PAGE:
Compositional Peculiarities of Amirani's Myth Cover Image

ამირანის მითის კომპოზიციური თავისებურებანი
Compositional Peculiarities of Amirani's Myth

Author(s): Dalila Bedianidze
Subject(s): Customs / Folklore
Published by: ლიტერატურის ინსტიტუტის გამომცემლობა
Keywords: Amirani's myth; Svan version; compsoitional details

Summary/Abstract: Amirani’s myth is an ancient Georgian legend. There exist a number of its variations. The Svan version of the myth represents Amirani’s story most precisely and clearly. According to Svan version of Amirani’s myth its compositional details are the following: 1. Love story of Amirani’s parents 2. Amirani’s birth 3. Placing Amirani’s cradle on the bank of the river and his baptizing 4. Amirani in his father’s house 5. Amirani returns his father’s eye/ first heroism 6. Amirani’s meeting with one-eyed Ogre (Devi) 7. Amirani’s and his brothers struggle with Ogres (Devis) 8. Amirani defeats Ogre (Devi) 9. Amirani’s battle with dragons; swallowing of Amirani by Black Dragon 10. Amirani’s coming out from dragon’s belly 11. Searching for Qamari 12. Amirani and hero Ambri 13. Kidnapping Qamari, a maiden unseen by the sun 14. Struggle with Qamari’s father and death of Amirani’s brothers 15. Amirani’s suicide; Qamari restores him and his brothers to life 16. Amirani – oath breaker 17. Amirani challenging the God 18. Amirani’s chaining Some of the compositional details of Amirani’s myth have something in common with elements depicting adventures of mythic heroes of other countries. For example, there are similarities in comparison with Greek myth: Prometheus’, Heracles’, Theseus’, Peirithous’ myths. Hero’s birth and his struggle with different evil creatures should be singled out among them. Compare Heracles – struggling with snakes and Amirani – with dragons, hero’s challenging with God or Gods and his punishment, in some cases chaining, in some cases placing under mountain / see Armenian myth – Mheri, in some cases chaining on the chair / see Theseus and Peirithous The heroes of Greek myth are finally liberated. Amirani frees himself too, but we come across this detail not in Georgian myth, but in Georgian folk epic “Source of Pomegranates”, recorded by Elene Virsaladze.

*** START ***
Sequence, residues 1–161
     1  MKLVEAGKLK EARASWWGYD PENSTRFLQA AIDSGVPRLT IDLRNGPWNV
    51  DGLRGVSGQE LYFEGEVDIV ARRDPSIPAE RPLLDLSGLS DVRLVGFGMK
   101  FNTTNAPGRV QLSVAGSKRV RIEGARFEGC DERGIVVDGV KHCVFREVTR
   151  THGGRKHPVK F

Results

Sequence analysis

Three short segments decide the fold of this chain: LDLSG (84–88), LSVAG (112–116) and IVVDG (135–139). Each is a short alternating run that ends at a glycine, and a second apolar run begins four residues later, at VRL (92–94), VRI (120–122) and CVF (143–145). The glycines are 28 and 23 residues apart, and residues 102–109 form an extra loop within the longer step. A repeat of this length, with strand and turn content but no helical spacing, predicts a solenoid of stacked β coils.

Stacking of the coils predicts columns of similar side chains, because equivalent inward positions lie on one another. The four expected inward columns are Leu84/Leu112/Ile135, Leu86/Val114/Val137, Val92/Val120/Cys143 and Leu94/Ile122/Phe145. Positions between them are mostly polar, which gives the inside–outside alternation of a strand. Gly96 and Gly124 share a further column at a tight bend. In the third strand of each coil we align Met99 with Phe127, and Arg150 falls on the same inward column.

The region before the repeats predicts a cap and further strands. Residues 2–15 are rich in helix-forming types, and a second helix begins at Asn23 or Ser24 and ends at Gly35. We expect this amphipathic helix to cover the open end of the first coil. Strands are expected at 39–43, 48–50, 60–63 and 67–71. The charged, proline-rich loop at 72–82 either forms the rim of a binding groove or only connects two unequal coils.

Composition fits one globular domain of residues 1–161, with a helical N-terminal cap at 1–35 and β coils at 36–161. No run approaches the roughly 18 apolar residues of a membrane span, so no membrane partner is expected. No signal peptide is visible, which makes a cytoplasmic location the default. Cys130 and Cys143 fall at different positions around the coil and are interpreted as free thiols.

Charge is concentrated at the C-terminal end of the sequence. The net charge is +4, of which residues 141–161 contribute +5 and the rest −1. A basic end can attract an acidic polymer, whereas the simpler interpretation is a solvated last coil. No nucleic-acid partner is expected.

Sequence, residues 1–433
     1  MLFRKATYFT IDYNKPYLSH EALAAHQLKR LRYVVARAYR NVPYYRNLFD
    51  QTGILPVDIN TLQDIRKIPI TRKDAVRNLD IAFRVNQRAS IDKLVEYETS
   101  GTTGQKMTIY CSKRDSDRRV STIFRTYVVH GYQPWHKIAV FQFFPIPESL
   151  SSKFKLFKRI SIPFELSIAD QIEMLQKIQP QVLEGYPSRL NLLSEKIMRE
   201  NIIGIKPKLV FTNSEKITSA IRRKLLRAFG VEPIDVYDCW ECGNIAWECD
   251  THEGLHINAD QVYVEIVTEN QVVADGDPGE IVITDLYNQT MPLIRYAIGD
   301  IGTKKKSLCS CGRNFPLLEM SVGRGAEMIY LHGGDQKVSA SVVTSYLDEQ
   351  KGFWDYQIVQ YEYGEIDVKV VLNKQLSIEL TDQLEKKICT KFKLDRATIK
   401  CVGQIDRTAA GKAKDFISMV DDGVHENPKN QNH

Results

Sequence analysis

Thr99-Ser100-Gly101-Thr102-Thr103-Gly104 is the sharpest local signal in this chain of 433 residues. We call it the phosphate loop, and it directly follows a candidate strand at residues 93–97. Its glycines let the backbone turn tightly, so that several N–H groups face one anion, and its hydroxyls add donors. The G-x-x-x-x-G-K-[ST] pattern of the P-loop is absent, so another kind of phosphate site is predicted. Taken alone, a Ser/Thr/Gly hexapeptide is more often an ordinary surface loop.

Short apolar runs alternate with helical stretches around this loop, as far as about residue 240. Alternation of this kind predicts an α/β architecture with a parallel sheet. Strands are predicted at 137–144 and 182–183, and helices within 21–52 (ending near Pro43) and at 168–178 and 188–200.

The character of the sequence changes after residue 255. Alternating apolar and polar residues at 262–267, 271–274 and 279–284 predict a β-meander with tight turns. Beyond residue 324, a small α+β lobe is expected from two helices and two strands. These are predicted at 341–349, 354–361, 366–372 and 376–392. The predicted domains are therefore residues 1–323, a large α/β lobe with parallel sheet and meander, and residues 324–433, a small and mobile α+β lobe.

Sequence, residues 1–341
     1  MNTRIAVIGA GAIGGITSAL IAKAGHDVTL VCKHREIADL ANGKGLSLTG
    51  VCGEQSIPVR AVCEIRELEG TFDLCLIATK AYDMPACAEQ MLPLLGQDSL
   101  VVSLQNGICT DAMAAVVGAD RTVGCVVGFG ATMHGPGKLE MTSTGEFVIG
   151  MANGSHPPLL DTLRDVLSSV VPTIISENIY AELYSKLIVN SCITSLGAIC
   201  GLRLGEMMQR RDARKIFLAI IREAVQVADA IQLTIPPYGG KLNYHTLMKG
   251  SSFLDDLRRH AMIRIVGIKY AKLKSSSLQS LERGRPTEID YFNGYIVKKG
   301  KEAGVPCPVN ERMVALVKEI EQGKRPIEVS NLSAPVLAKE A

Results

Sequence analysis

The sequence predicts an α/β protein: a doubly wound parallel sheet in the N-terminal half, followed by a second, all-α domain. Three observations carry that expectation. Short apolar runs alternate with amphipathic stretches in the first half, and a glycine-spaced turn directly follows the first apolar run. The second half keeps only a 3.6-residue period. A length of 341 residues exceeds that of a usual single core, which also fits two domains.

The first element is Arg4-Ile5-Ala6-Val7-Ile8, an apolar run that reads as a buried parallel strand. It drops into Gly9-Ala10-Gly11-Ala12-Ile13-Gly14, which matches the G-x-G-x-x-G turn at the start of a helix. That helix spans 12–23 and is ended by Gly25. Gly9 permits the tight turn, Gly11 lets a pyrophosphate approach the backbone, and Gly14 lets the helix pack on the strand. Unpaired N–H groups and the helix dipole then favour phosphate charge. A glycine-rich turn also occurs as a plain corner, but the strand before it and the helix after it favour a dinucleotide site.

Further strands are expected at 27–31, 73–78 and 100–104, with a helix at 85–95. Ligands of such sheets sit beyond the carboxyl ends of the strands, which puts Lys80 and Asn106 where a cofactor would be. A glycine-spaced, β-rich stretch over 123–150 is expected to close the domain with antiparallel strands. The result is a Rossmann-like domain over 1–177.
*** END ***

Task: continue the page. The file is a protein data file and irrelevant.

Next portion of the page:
• Issue Year: 2008
  • Issue No: 09
  • Page Range: 168-173
  • Page Count: 6
  • Language: Georgian